Scott Dixon put down a late lap with a top speed of 222.378 mph in his No. 9 Dallara-Honda in Saturday’s final practice session for the NTT INDYCAR SERIES at the Texas Motor Speedway. It capped a strong day for Dixon who also qualified on the front row just prior to the hour-long final practice around the 1.44-mile high speed oval for the 10th time in 25 tries.
Josef Newgarden (221.792 mph) was second in his No. 2 Dallara-Chevrolet while Dixon’s Chip Ganassi Racing teammate of Takuma Sato (220.992 mph) was third in the incident free final practice in his No. 11 Dallara-Honda.
Last year’s runner-up, Scott McLaughlin (220.866 mph) was fourth in his No. 3 Dallara-Chevrolet while Colton Herta (220.807 mph) rounded out the top five.
Helio Castroneves didn’t get to turn a lap due to a gear box problem was that discovered in the second lane practice. Simon Pagenaud had to sit out the final 10 minutes due to being late to his weigh in.
Don’t Count Out Penske/Ganassi
McLaren may have stole the storylines early by going 2-3-6 in Practice 1 and putting all three cars in the top five of Sunday’s PPG 375 (12 p.m. ET, NBC, INDYCAR Radio Network) starting lineup, but it was both Team Penske and Chip Ganassi Racing saying, “not so fast my friend.”
They combined to take 5 of the top 6 speeds in final practice and looked the most comfortable running the second lane on the track.
Penske and Ganassi have alternated wins in each of the last five years and 7 of the last 9 overall. RLL and AMSP are the only exceptions with Graham Rahal’s win in 2016 and Pato O’Ward’s in Race 2 in 2021. RLL also won the 2020 Indy 500 too.
Last year, Penske and Ganassi swept the entire top 7 of the final finishing order.
Dixon Quietly Getting The Job Done
I feel like we’re talking McLaren, Penske, the 2nd lane, attendance, etc but the one thing we’re leaving out? Scott Dixon. He told me earlier this week that, “this should be a fantastic weekend for us.” Boy is he right.
Dixon was quickest in final practice and starts on the front row.
No one has as many starts here than the Chip Ganassi Racing driver. Ed Carpenter is next best. He has 22. Helio Castroneves has 21. Will Power and Graham Rahal each have 16 starts here respectively. Takuma Sato (14), Josef Newgarden (12) and Simon Pagenaud (12) are the only ones in double digits.
It’s that feat as to why they’re the usual suspects up front not just here, but at the Indianapolis Motor Speedway too. These drivers have won 10 of the last 11 INDYCAR races on the 1.5-mile Fort Worth area race track and why they should be favored once again in INDYCAR’s second race of the 2023 season.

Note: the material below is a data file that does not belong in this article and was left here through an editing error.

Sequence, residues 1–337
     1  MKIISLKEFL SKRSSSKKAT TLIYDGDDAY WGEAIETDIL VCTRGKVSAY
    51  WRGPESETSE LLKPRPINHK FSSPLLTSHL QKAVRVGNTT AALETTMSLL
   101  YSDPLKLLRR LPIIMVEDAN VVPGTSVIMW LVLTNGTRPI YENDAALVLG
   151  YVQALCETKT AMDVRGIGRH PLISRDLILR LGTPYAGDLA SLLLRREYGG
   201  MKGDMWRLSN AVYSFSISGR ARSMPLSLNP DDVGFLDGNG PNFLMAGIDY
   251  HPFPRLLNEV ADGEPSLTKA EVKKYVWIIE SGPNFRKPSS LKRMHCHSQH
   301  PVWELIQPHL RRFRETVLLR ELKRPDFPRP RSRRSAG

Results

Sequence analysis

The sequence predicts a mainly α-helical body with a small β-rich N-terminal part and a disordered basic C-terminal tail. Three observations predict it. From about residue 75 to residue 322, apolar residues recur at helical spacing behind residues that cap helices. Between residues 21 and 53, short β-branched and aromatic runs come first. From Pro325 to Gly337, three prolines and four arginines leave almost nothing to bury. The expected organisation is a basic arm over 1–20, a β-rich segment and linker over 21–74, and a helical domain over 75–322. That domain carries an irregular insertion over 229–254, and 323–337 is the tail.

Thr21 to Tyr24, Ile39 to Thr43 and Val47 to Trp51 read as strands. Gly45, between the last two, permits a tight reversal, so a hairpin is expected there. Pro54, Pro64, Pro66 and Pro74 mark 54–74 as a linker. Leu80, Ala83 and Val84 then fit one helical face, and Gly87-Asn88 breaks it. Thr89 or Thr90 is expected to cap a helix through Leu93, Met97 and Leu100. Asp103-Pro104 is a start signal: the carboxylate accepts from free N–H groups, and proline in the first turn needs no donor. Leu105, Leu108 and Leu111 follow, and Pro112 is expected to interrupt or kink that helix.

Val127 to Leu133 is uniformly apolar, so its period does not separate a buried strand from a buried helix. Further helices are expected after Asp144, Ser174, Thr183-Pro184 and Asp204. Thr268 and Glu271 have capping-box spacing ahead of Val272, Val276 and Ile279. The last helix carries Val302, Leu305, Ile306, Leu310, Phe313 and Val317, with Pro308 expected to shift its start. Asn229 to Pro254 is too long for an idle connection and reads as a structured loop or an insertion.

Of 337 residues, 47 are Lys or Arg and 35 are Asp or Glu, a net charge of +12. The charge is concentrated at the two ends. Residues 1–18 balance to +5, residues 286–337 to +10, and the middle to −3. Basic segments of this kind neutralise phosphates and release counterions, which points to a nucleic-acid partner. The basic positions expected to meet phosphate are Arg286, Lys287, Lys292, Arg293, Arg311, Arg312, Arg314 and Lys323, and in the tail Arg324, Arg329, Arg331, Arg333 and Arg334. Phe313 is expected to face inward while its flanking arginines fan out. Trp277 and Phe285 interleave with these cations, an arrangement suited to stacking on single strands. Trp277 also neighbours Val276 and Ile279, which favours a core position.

How much of an advantage is being a veteran here and why?
“I think if you use it wisely, it helps,” Dixon told me on being a veteran at Texas. “I don’t know. I always kind of approach it two different ways. I think the first time, for example, like when I went to the (Indianapolis) 500 the first couple years, you’re kind of blown away by so many different things that you just don’t focus on the specific. Things maybe kind of cycle yourself out of it or you become too obsessed with it, things like that.
“What I’m saying is sometimes it’s better to not know what’s coming than all the times that you’ve been there. Especially for a lot of us, too, some of us veterans, we used to race there twice a year so we have done a lot of races there throughout our careers.
“Yeah, I think as long as you use it in a meaningful way, it’s always good. But, again, I think sometimes if you’re a rookie or somebody that’s coming for the first few races there, it’s sometimes better not knowing the possibilities of what could come or might happen.”
Dixon has led more laps (1,043) than 16 of the other 27 drivers in Sunday’s field have completed here. Four more drivers are within 157 laps more of Dixon’s career lap led total.
For Dixon, it’s also a chance to capitalize on a good track of his. In those 24 races here, Dixon has five wins, 17 top 10 finishes and 14 top fives finishes. 4 of his 5 wins have occurred since 2015 including 3 of the last 6 overall. He’s had four straight top five finishes and led 677 laps since 2018.
2nd Lane Looks Raceable
Depending on whom you ask, they’ll either say the second lane is raceable or that they’ll only use it on a need be basis. However, most are in unison that the second lane is better this year than last. That’s a bonus because last year we saw a thrilling photo finish for which the race winning pass came from the outside. It was an insanely close finish with 15 lead changes and 12 of the 27 starters leading at least one lap. Now, they say it’s better?
That’s a great sign.
It seems like Turns 3-4 are the best set of corners in comparison to Turns 1-2, however, as tires deg and the lanes get pushed wider, Turns 1-2 can be of use as well.
Which Takuma Sato Do We Get?
Takuma Sato is making his debut with CGR this weekend. He’s been as advertised. Sato was 8th and 3rd in practice and starts 6th. Should be a favorite, right?
However, his recent Texas finishes have been DNS, 9th, 14th and 20th respectively. He has one top five finish (Race 1, 2011) in 14 Texas starts. While he’s with a car capable of winning (finished 6th last year), Sato has struggled to bring his cars home here too (6 DNF’s) and has just three lead lap finishes.
Callum Ilott Looking Great
The sophomore driver was 7th in both practice sessions this weekend. While he starts 17th, I don’t necessarily think that’s going to be a detriment. It looks like you can pass again here and the numbers are lining up for him.
7th in both practice. 17th in quals. Number 77. Can he get to No. 1?
Conor Daly spun during the second lane practice but luckily didn’t touch anything.
Odd But True
There was a bee problem on pit lane on Saturday which luckily, most folks were spared being stung.